These promises will simply not fly when Iraqis continue to be threatened into silence, arrested, and killed in the streets. The Iraqi authorities must respect people’s right to express themselves and to assemble without fear of repercussions.
Activists told Amnesty International that they were calling for a change of government because they no longer believe any promises made by the current government, which they accuse of ignoring years of protests.
“We have been protesting since 2008 and nothing has changed. Now, we don’t want political parties to represent or lead us in these protests because without them we are strong and credible. We have stood by the government against Daesh [the armed group callilng itself Islamic State] and when they were liberating areas we supported them. We waited but what is the excuse now? They promise numbers, jobs, changes and all we get is the same: corruption and nepotism,” a protester from Bagdad told Amnesty International.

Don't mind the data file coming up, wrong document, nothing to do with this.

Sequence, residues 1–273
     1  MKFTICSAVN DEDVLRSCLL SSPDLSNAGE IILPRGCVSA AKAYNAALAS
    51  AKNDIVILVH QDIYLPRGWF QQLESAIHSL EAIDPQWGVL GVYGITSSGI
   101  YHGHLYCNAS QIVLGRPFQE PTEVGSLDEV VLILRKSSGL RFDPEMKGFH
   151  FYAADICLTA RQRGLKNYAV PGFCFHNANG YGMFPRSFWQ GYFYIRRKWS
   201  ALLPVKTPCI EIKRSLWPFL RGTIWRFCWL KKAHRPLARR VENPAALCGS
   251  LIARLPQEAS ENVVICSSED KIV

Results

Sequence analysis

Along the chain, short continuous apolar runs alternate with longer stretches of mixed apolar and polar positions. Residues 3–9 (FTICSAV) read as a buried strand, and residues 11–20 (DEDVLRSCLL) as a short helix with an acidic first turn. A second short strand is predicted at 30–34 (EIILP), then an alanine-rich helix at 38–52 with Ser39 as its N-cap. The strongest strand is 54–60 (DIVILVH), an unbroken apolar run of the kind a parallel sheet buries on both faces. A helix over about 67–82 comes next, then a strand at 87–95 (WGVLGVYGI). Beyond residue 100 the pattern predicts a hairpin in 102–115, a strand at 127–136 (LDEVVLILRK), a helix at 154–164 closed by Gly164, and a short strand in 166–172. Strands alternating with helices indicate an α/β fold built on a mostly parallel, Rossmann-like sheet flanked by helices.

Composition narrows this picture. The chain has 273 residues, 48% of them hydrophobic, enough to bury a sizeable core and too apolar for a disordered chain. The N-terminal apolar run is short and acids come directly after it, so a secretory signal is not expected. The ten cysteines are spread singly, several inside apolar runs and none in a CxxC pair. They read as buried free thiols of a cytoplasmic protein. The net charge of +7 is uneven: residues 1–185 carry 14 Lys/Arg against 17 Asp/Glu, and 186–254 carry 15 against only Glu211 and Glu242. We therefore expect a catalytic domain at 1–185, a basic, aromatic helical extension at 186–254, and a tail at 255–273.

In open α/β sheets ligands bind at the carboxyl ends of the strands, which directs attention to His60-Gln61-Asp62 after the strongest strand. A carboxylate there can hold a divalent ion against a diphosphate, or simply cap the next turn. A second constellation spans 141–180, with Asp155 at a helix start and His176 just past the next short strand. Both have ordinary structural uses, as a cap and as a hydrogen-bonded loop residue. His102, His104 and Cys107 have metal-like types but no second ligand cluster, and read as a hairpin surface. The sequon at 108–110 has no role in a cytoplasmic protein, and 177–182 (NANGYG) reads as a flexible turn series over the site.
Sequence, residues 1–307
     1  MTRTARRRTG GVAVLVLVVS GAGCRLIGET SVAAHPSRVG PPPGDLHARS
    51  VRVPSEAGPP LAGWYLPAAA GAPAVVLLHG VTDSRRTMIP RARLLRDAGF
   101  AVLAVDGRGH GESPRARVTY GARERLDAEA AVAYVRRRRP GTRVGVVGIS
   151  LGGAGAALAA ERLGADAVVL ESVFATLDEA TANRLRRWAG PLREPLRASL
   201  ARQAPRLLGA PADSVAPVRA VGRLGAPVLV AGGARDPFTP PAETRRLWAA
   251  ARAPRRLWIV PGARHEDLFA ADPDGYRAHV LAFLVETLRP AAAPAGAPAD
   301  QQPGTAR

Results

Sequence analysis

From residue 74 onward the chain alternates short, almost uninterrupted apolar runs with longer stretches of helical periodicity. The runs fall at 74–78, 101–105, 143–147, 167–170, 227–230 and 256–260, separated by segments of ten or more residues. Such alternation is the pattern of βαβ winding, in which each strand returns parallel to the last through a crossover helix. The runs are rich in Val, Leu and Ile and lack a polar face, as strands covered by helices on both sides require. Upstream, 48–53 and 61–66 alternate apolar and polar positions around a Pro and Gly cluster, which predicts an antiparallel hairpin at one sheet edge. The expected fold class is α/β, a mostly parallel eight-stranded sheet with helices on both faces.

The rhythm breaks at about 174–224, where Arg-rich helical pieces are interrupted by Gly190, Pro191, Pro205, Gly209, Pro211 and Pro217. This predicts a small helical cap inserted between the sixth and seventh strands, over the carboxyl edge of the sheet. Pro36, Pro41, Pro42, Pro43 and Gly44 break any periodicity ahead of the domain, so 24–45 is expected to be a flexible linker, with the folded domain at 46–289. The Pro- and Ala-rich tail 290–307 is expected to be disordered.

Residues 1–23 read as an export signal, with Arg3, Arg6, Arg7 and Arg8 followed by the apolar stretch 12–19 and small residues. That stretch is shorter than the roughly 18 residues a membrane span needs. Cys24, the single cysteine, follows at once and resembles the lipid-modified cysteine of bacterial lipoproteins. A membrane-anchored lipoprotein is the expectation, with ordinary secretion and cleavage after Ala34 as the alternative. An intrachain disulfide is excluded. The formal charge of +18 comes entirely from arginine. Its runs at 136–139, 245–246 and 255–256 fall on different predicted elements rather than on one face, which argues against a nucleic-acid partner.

On 6 October and 9 October, in response to the protests, the Iraqi government made a number of promises that include building housing units, social security payments for families in need, and grants to unemployed citizens, economic support to tackle poverty and well as compensation for families of those killed during the demonstrations.
“These promises will simply not fly when Iraqis continue to be threatened into silence, arrested, and killed in the streets. The Iraqi authorities must respect people’s right to express themselves and to assemble without fear of repercussions. They must immediately and unconditionally release all those detained solely for peacefully exercising their rights to protest and freedom of expression, and commit to holding to account security forces responsible for intimidation and excessive use of force, including by bringing to justice those responsible for unlawful killings and injuries,” said Lynn Maalouf.